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March 1987

Penicillin in Sickle Cell Anemia: A Panacea for the Lost Spleen?

Author Affiliations

Department of Pediatrics Division of Hematology/Oncology University of Southern California School of Medicine 1200 N State St Los Angeles, CA 90033; Department of Pediatrics University of California at Los Angeles Olive View Medical Center 7533 Van Nuys Blvd Suite 301 S Tower Van Nuys, CA 91405

Am J Dis Child. 1987;141(3):250-252. doi:10.1001/archpedi.1987.04460030028017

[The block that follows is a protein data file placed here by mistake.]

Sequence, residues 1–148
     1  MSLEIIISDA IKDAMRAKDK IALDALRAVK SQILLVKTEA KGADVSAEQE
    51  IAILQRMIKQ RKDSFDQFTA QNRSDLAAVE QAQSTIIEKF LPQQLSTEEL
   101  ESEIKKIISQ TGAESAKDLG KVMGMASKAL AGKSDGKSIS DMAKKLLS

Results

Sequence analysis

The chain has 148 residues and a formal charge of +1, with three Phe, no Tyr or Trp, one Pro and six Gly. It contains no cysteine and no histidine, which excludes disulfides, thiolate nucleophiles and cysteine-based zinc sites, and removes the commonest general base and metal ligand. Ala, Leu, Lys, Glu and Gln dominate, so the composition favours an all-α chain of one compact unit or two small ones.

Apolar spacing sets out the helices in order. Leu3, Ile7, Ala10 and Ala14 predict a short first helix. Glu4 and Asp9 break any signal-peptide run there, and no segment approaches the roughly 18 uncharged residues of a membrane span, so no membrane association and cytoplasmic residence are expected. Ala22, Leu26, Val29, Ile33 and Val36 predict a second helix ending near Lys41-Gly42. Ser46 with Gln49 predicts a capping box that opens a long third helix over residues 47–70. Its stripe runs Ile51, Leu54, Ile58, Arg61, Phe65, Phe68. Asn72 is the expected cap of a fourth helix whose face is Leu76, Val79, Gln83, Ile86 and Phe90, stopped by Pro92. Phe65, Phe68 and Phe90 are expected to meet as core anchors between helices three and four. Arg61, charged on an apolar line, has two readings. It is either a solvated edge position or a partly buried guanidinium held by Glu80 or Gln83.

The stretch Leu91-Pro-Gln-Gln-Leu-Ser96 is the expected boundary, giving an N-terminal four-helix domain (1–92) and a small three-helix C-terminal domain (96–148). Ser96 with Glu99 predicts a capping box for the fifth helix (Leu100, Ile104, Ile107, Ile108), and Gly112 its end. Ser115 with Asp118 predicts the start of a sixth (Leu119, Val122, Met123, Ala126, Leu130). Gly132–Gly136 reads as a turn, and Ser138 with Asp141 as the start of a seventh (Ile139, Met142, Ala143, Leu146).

Ideally, antibiotic prophylaxis should prevent disease caused by virulent organisms in immunodeficient patients. Antibiotics may interrupt the initial nasopharyngeal colonization or prevent the primary bacteremia and ensuing metastatic infection. The predilection for severe and frequent pneumococcal infections in children with sickle cell anemia, the critical link to the early loss of splenic function, and the age-adjusted prevalence rates have been amply emphasized by previous investigations.1-3 Unaccountably, the risk of pneumococcal septicemia is much higher in the young child with sickle cell anemia than in children of comparable age who have undergone simple splenectomy. In children with sickle cell anemia, the risk of pneumococcal septicemia is highest before the age of 3 years. Unfortunately, this is the same age at which multivalent pneumococcal vaccines do not reliably induce protective antibodies. Furthermore, in young children, it is not clear whether vaccines alter the nasopharyngeal carrier rate.3 Thus, the pneumococcal vaccines

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